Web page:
At the end of 2017, live-industry trade-media platform Pollstar calculated that the 100 biggest concert tours that year collectively grossed $5.65bn in revenue, up 15.8% from the comparable figure in 2016. Those 100 tours alone sold nearly 67 million tickets, led by U2, whose live revival of their 1987 album The Joshua Tree grossed $316m in 2017 while selling just over 2.7 million tickets. Pollstar also said that 11 tours generated more than $100m worldwide that year, compared to seven in 2016.
Live music opportunities are on the rise
This growth is one reason why the live-music market is spurring some bullish predictions for the future. Consultancy firm PricewaterhouseCoopers has predicted that live revenue from ticket sales and sponsorships will reach $28.9bn by 2021, while an IFPI and Goldman Sachs study suggests it will grow to $38.3bn by 2030.
Ray Waddell, president, conferences and publications, of Pollstar parent company Oak View Group, is in no doubt that these are heady days for the live-music market.
“Never before have the opportunities for an artist to establish a global career with a healthy touring component been more robust,” Waddell said.
Live Nation outperformed its own forecasts in the first quarter of 2018, with its revenues up by 19% year-on-year, and more than 50 million tickets sold globally for 2018 shows so far.
“We continue to benefit from a global concerts industry that is structurally growing, with strong tailwinds for both supply and demand,” president and CEO Michael Rapino told investors as Live Nation published its quarterly financial results. “The concerts segment continues to be the engine that powers the Live Nation flywheel strategy, growing the profitability of the concerts business while also driving our sponsorship and ticketing businesses.”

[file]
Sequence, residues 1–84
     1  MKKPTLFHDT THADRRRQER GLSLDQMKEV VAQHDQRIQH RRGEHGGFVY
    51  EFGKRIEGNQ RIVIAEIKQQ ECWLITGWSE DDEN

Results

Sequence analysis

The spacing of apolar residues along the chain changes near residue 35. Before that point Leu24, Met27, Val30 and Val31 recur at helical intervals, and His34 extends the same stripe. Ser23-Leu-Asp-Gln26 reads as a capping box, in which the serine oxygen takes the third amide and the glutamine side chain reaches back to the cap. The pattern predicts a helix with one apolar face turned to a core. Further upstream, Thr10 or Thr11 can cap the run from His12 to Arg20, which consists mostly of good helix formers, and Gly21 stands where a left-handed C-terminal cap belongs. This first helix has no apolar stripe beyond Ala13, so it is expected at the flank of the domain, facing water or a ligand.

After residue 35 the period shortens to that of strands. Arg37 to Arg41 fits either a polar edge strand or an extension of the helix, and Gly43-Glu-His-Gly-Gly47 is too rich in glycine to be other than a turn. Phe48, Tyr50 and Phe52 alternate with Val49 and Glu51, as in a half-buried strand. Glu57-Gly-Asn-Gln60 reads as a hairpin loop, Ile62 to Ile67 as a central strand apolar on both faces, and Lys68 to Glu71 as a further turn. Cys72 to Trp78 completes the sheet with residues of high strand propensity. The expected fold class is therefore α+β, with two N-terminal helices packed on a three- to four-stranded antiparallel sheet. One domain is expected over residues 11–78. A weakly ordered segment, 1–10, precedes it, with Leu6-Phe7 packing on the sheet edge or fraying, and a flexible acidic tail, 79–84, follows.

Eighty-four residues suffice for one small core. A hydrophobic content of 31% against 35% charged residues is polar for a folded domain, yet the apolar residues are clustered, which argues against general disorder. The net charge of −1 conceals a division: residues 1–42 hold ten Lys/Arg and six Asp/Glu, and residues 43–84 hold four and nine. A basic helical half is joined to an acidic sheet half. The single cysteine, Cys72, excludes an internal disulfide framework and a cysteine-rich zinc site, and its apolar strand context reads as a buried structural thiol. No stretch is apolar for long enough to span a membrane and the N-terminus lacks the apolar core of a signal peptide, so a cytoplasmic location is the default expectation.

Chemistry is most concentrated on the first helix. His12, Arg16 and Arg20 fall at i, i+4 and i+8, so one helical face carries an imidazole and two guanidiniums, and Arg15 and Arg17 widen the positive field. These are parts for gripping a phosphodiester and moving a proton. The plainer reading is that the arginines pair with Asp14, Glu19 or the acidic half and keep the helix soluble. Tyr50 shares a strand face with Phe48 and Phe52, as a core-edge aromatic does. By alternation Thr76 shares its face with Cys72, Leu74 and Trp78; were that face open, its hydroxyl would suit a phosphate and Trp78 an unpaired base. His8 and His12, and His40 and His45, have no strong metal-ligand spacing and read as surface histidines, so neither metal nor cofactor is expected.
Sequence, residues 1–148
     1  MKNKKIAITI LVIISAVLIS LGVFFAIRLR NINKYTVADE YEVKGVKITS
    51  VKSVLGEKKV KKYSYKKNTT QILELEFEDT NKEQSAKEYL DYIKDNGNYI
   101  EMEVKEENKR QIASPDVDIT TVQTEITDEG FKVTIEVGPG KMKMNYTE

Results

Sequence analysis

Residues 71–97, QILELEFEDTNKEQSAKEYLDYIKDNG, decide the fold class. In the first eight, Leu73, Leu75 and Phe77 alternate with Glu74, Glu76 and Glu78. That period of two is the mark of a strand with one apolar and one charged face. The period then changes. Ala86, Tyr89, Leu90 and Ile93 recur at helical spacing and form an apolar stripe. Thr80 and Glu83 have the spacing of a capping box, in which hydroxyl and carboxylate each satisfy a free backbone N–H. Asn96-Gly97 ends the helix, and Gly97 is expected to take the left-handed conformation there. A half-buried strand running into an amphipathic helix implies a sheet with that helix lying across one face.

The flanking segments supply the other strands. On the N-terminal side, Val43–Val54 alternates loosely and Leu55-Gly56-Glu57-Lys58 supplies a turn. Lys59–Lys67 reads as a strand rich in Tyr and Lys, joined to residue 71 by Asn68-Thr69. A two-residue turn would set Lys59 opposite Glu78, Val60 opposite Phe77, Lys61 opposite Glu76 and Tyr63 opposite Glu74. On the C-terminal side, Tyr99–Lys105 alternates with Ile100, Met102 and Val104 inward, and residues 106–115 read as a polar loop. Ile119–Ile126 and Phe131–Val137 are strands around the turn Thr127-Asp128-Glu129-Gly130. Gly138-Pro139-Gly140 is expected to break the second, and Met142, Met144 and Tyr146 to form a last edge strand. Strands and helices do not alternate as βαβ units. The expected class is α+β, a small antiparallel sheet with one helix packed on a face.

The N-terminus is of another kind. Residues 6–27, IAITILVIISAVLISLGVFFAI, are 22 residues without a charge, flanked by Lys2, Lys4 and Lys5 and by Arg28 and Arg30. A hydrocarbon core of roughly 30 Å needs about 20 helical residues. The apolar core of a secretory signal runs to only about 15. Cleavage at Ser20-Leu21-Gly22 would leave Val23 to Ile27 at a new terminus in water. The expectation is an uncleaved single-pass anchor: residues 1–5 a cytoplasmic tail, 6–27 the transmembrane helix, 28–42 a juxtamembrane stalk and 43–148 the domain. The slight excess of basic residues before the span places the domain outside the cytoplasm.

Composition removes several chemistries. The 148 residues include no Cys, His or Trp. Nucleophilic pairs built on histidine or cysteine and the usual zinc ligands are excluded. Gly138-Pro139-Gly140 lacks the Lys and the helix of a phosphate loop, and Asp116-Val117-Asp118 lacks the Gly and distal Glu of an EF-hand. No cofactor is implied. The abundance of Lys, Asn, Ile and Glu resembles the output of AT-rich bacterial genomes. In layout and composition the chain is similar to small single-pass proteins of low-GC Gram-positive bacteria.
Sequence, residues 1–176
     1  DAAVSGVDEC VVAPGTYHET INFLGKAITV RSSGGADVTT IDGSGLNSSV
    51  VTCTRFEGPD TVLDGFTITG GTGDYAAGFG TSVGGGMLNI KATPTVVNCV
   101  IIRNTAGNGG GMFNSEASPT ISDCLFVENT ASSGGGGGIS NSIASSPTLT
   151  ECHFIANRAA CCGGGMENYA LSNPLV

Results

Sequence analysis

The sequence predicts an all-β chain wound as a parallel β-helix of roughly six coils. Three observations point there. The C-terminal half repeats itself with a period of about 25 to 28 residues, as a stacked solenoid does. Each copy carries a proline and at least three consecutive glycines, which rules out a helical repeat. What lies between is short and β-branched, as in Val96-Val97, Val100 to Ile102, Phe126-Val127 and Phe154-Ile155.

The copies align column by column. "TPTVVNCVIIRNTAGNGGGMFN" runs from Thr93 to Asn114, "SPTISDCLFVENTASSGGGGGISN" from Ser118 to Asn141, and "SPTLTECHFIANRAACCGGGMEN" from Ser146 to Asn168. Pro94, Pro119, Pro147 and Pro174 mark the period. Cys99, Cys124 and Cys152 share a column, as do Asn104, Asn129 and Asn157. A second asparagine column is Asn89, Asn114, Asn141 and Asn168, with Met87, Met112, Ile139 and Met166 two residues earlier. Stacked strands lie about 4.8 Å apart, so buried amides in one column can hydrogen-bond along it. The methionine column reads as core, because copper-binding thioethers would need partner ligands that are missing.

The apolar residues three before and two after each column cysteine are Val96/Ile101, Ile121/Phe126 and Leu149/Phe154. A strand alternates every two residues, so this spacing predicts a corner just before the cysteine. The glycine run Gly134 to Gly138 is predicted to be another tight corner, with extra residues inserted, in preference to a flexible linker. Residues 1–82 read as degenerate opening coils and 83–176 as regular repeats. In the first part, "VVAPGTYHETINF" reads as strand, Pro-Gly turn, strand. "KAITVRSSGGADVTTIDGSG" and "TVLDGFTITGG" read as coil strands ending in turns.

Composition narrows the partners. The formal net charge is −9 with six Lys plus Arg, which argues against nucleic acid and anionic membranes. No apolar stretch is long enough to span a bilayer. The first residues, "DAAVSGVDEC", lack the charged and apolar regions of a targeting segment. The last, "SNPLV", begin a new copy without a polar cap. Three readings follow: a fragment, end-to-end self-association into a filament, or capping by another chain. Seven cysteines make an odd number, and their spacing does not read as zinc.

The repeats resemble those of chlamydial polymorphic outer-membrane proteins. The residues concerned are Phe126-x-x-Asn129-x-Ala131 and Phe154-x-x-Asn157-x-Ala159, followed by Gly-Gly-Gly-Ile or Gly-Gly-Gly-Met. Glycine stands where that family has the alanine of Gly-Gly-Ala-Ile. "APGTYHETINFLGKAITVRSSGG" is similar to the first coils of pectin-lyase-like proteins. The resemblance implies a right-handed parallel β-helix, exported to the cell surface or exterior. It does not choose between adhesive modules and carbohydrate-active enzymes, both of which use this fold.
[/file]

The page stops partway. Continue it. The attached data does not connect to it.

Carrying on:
New technologies are revolutionizing the live experience
While plenty of column inches have been dedicated to the impact new technologies have been having on recorded music — from streaming to blockchain — tech is also a prominent factor in the live sector’s evolution in 2018.
“For me the most interesting trend is how technology continues to permeate live music and, instead of diluting the fan experience as some had feared, instead augments live performance and ultimately helps develop more artists’ careers and sell more tickets,” Waddell said.
“This is true across every aspect of the live music industry, including ticketing, branding and sponsorships, security, production, marketing and promotion, concessions, fan engagement and the in-venue experience. Clearly the music world has much to learn from the sports world in terms of tapping into and maximising the passion of fans around live events, and the reverse is also true,” Waddell said. “On the other hand, the music industry leads the way in connecting fans with their favourite artists and engaging those fans on multiple levels before, during, and after the concert.”
One technology that has been discussed a lot is Ticketmaster’s Verified Fan initiative, which aims to ensure tickets get into the hands of genuine fans rather than touts.
“We’ve got a bunch of artists using it again this year. We think it’s part of an ongoing evolution of artists taking control of delivering tickets at their price,” Rapino told analysts in May 2018. “Artists are always the great brand manager trying to find that sweet spot between monetising the show, as well as staying true to what the brand position is on pricing.”
Some of the technologies around these markets — virtual reality, for example — apply across both music and sports, even if it is early days for their application. Waddell said that there are plenty of lessons to share.
“Both music and sports are very concerned about security issues and managing the secondary market,” he added. “And both are caught up in a whirlwind of positive disruption as smart venues and developing technologies completely revolutionise the live experience.”
“We are in an era where live drives the music industry train as both a revenue-producer and a platform for artists’ engagement with fans,” Waddell said. “So those outside the live business who aren’t paying attention to what is happening with touring artists and live careers are pretty much missing the boat.”
Midem and Pollstar continue partnership in 2019, following the success of the first Live Summit launched at Midem 2018. Don’t miss this year’s Live Summit!
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